"Man's main concern is not to gain pleasure or to avoid pain but rather to see a meaning in his life."
~ Viktor Frankl
Teaching Philosophy Empathy and Authenticity: The Role of Art Education
I believe that knowledge exists as but a means to develop empathy and purpose. That is, an educator who focuses on mere instruction fails to foster any lasting impact among students. With this conviction, I emphasize that my students actively construct meaning through relating art to their surrounding world, interpreting others' intentions behind creation, and developing personal artworks to relay their own experiences.
The model of authentic instruction lies at the core of my convictions about art in the classroom. According to Tom Anderson and Melody K. Milbrandt, authors of Art for Life, authentic instruction emphasizes learning as an active construction of meaning, "rather than a passive acceptance and memorization of others' meanings, based on their authority" (Anderson & Milbrandt, 2005). That is, through authentic instruction, both interpreting and creating art compels students to rely on personal experiences as they synthesize, analyze, and evaluate information. In connecting art to a real-world context, this approach engages both students' intellects and their emotional investments in their learning.
During her time at Miami University as our 2015 Distinguished Lecturer in Art Education, Dr. Renee Sandell similarly encouraged the active, authentic construction of meaning as a central component to successful art education. As the designer of the Form+Theme+Context approach, Sandell advocates both the encoding of personal meaning through creative expression and the decoding of others' meaning through critical response. Indeed, while at Miami, Dr. Sandell cited Daniel Pink's bestselling book, A Whole New Mind, as holding particular influence on this understanding. As I continue to explore both Sandell and Pink's work, I find their emphasis on empathy and meaning especially pertinent to my own interests in authentic instruction.
In his A Whole New Mind, Pink describes empathy as "a universal language that connects us beyond country or culture," going on to assert, "Empathy makes us human. Empathy brings joy... Empathy is an essential part of living a life of meaning" (Pink, 2005). As Dr. Sandell also espouses, perhaps no subject better instills empathy–and the ensuing meaning and purpose–within a child's life than art. That is, not only does art compel students to discover the context behind historical works but to also explore the creations of their peers and relay their own identities. Art serves as a mode of visual conversation, in which students acquire deep comprehension about others while also communicating their own understandings and experiences.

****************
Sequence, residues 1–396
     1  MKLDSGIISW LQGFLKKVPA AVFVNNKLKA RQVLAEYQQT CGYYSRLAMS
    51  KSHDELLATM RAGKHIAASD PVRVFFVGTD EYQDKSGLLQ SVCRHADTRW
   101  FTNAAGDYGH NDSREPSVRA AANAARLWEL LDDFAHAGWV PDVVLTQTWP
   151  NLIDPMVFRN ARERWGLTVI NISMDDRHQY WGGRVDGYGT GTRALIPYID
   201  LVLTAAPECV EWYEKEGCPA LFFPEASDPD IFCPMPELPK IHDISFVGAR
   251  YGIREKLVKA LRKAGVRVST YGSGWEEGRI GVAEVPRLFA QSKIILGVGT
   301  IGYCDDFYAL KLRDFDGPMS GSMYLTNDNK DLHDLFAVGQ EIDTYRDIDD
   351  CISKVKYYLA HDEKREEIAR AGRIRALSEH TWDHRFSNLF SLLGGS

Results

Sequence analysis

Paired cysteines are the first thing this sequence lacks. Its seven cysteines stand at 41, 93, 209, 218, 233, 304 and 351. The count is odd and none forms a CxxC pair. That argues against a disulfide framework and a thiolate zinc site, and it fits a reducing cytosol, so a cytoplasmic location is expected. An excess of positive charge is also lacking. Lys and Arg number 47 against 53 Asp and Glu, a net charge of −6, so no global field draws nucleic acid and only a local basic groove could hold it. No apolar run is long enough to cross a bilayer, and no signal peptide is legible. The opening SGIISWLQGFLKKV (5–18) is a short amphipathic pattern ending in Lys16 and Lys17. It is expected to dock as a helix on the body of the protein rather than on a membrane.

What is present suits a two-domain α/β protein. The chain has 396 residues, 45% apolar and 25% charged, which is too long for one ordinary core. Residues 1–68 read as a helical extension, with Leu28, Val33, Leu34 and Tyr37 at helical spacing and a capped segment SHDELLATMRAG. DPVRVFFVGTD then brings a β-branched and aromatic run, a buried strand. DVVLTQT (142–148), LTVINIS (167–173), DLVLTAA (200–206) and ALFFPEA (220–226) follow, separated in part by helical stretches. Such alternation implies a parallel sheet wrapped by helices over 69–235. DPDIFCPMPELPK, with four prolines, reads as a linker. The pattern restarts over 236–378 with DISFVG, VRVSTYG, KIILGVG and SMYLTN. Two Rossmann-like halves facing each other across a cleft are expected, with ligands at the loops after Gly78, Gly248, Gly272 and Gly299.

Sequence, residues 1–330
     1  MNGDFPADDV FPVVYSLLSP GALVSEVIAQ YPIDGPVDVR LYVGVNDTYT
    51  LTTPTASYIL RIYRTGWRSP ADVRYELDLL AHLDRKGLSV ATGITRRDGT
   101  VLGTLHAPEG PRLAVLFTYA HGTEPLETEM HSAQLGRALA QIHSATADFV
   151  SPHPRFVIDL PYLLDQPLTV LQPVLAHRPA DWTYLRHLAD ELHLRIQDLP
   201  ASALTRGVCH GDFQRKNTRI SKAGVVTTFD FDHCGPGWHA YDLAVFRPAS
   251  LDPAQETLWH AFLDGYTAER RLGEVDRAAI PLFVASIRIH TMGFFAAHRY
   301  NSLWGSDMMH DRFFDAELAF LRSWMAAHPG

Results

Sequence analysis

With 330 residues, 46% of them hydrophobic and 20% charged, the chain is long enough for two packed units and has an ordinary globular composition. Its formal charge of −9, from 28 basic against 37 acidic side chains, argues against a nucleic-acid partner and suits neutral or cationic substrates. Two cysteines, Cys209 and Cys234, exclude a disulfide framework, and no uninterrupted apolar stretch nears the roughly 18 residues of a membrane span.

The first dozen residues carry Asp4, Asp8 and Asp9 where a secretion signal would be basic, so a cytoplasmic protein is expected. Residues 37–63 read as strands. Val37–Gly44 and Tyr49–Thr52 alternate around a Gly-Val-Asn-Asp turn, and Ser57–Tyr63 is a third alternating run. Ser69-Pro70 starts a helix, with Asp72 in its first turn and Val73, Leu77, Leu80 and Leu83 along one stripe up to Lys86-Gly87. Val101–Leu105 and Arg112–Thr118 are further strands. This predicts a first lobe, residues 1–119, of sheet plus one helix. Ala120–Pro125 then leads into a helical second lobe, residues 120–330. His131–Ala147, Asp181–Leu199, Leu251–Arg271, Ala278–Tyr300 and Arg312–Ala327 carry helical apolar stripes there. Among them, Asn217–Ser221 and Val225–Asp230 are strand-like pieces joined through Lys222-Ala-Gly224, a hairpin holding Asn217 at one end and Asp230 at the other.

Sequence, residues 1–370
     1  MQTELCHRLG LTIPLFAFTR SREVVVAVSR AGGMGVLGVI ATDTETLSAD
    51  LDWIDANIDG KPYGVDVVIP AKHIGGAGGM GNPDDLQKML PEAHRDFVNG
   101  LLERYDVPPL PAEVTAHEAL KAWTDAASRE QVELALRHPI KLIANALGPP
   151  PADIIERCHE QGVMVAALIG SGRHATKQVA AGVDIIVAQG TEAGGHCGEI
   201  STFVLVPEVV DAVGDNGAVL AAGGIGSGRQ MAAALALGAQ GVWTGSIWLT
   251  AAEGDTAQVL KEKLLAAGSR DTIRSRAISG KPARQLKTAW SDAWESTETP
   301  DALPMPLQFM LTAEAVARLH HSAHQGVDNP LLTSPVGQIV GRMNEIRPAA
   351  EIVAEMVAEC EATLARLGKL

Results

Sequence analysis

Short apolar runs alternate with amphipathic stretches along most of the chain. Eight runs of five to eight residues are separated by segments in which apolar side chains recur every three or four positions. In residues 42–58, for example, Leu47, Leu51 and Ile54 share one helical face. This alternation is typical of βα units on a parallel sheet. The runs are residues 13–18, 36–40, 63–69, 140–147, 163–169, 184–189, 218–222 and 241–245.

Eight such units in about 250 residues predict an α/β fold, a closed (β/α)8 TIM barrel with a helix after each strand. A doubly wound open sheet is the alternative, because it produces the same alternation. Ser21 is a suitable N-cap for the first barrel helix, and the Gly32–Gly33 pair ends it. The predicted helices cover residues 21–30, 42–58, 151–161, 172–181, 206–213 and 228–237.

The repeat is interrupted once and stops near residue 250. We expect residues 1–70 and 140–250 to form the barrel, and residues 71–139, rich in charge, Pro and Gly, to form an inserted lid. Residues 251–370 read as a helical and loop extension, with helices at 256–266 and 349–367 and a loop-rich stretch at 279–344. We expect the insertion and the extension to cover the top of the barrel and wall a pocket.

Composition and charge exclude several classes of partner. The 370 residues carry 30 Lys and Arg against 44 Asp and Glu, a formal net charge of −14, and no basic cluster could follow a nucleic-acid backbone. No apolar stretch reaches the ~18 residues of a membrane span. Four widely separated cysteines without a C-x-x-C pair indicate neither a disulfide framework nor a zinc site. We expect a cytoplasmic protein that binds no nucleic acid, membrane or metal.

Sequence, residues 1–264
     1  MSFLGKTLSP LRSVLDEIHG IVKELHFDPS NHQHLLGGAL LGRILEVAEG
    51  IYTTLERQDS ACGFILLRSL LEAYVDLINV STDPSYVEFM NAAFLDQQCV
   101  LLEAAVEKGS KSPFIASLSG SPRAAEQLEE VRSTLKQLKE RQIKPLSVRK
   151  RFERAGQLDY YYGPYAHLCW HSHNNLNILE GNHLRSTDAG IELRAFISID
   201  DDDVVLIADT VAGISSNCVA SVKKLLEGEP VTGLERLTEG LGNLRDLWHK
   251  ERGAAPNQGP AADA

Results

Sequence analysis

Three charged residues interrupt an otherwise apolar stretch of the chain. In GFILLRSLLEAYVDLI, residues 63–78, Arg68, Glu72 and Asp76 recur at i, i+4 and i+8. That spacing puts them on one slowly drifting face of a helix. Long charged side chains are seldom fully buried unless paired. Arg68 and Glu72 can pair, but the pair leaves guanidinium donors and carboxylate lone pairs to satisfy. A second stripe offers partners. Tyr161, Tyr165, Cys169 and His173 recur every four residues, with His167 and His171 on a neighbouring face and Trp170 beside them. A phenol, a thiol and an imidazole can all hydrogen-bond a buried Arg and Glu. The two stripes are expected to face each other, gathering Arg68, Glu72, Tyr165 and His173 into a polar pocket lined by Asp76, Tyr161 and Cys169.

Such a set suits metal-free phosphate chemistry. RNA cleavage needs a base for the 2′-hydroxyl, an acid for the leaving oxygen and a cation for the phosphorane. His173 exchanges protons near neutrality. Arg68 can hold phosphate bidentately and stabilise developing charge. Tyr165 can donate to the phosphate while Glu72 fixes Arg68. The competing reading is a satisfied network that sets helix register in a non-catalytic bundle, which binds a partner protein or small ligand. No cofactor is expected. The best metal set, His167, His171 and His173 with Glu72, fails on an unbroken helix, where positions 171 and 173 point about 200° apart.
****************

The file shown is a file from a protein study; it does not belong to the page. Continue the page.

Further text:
If empathy is humanity's universal language, then the search for meaning is our motivation to speak. Indeed, Pink describes the quest for meaning as "our fundamental drive, the motivational engine that powers human existence" (Pink, 2005). My fundamental aim as an art educator is to foster this collective search for purpose, encouraging individual and communal discovery through empathy–our universal language–as students interpret, share, and create art. Following this aspiration, I strive to align every component of my instruction to the unfailing reality of human worth, the importance of social responsiveness, and the uniqueness of individual experiences. Ultimately, I seek to teach with authenticity, empathy, and compassion as I encourage students to cultivate their own sense of meaning.
First grade students completing a collaborative artwork about Pablo Picasso's "Bouquet of Peace." Students discussed how they could promote peace, kindness, and compassion around their school.
First grade students showing off masks inspired by the Masai tribe. We sent this photo to my friend who lives in Kenya while she recovered from surgery. We called this lesson "Making Friends Around the World."
Resources: Anderson, T., and Milbrandt, M.K. (2005). Art for Life. New York, NY: McGraw-Hill
Pink, D. (2006). A Whole New Mind: Why Right-Brainers will Rule the Future. New York, NY: Riverhead.
Sandell, R. (2016, April 5). 2015 Autobiographical Lecture. Lecture presented at The John A. And Betty J. Michael Autobiographical Lecture Series in Art Education at The Miami University Art Museum, Oxford.